contains the midterm and final exam scores for 12 students who took the class during the summer session. Compute a predictability analysis of each of your fits trained on the 15 original scores by evaluating the predictive performance for these summer session students. Compute the rMSE, MAE, MAD, and correlation values in your evaluation, and visualize the relationship between the observed and predicted responses using a scatterplot.Conduct a stability analysis in which you examine the uncertainty associated with the data collection (i.e., by conducting reasonable data perturbations). Justify the perturbations that you choose, and create a prediction stability plot for each algorithm (the ggplot function

`geom_segment()`

will be helpful for creating the line segments in R). Comment on your findings.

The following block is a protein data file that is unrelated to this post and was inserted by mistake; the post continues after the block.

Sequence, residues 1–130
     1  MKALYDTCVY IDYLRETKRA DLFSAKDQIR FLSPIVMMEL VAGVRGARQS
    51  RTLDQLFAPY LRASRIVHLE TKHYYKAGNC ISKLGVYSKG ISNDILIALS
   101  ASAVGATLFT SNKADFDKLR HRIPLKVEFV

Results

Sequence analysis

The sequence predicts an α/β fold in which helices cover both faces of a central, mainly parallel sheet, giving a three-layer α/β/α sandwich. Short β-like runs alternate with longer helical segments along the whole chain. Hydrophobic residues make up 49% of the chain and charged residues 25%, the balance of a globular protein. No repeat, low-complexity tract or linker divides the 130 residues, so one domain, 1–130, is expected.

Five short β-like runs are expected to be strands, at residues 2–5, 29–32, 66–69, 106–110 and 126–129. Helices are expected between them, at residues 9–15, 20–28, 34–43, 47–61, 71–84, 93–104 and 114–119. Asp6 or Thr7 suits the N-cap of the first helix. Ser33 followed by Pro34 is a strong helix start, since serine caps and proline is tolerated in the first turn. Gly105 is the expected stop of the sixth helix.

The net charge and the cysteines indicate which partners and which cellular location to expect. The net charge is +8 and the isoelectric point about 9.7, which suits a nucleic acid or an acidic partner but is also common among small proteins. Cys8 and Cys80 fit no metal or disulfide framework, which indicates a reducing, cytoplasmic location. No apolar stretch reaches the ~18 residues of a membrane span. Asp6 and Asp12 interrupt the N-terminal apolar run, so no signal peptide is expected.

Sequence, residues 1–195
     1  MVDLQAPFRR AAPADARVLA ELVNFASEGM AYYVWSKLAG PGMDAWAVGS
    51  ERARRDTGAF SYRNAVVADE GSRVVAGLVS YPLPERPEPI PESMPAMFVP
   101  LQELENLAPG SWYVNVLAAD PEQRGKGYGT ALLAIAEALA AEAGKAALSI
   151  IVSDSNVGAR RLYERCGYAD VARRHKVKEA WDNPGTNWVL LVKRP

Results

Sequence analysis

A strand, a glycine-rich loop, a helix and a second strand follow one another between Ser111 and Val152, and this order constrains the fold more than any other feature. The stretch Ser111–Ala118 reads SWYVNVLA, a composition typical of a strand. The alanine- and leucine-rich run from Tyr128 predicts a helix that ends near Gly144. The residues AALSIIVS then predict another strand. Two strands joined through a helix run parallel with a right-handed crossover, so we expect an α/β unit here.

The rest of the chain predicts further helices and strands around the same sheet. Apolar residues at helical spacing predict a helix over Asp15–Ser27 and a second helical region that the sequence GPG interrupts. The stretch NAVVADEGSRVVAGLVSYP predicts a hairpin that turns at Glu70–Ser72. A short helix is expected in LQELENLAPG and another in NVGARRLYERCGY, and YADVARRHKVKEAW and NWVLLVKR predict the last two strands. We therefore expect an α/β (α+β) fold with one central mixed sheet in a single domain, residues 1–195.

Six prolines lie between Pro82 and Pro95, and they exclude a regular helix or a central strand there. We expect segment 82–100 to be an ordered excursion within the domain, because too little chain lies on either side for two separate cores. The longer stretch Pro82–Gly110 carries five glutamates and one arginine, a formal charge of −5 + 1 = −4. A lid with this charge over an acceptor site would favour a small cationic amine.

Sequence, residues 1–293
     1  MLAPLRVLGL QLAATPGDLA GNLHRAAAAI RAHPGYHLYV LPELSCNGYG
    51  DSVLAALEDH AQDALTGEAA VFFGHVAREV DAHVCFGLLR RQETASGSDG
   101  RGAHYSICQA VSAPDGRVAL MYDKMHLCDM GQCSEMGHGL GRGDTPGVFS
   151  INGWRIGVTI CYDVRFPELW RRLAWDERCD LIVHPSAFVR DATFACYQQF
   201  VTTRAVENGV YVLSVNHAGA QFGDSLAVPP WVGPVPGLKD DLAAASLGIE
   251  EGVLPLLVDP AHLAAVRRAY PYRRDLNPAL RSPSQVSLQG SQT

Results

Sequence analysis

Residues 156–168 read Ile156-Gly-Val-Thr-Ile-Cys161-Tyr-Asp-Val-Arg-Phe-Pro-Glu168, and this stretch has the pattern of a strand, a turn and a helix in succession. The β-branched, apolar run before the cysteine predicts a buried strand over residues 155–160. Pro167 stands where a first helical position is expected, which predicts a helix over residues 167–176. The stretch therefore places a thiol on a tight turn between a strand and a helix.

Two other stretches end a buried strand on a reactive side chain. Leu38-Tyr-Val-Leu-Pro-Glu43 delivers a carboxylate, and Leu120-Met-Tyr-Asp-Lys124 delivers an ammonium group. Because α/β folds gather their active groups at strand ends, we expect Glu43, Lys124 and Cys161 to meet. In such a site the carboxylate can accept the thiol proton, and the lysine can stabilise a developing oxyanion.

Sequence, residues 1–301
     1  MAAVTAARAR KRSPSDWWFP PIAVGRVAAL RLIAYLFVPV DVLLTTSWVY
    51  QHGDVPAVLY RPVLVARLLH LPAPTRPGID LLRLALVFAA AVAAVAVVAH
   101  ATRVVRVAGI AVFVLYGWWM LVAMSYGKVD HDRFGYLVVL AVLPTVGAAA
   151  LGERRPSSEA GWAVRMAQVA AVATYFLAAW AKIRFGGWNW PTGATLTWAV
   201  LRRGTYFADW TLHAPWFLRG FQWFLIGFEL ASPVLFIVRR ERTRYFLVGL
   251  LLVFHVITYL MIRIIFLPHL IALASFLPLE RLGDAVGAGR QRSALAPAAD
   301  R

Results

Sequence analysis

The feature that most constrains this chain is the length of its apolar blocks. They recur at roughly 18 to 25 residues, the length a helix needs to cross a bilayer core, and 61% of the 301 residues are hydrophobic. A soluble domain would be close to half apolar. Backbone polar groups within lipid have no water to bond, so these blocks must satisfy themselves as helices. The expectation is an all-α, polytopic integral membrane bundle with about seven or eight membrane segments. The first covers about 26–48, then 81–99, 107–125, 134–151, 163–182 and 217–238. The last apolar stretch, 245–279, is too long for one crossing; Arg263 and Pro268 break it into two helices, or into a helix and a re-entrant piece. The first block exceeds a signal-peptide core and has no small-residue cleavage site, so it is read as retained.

Repeat the Ames house price prediction analyses (including the PCS analysis) that we conducted in this chapter using a different predictor variable (i.e., a variable other than

`gr_liv_area`

). De Cock’s data has dozens of predictive variables to choose from (we recommend picking another variable that seems to be fairly predictive of sale price). You may find the code in the`04_prediction_ls_single.qmd`

(or`.ipynb`

) file in the`ames_houses/dslc_documentation/`

subfolder of the supplementary GitHub repository helpful.

### Project Exercises

**Predicting happiness**In this project, your goal will be to predict the happiness of a country’s population^{4}. The data that you will be using for this project comes from the World Happiness Report and can be found in the`exercises/happiness/data/`

folder in the supplementary GitHub repository.Read through the background information provided on the World Happiness Report website, as well as the pdf provided in the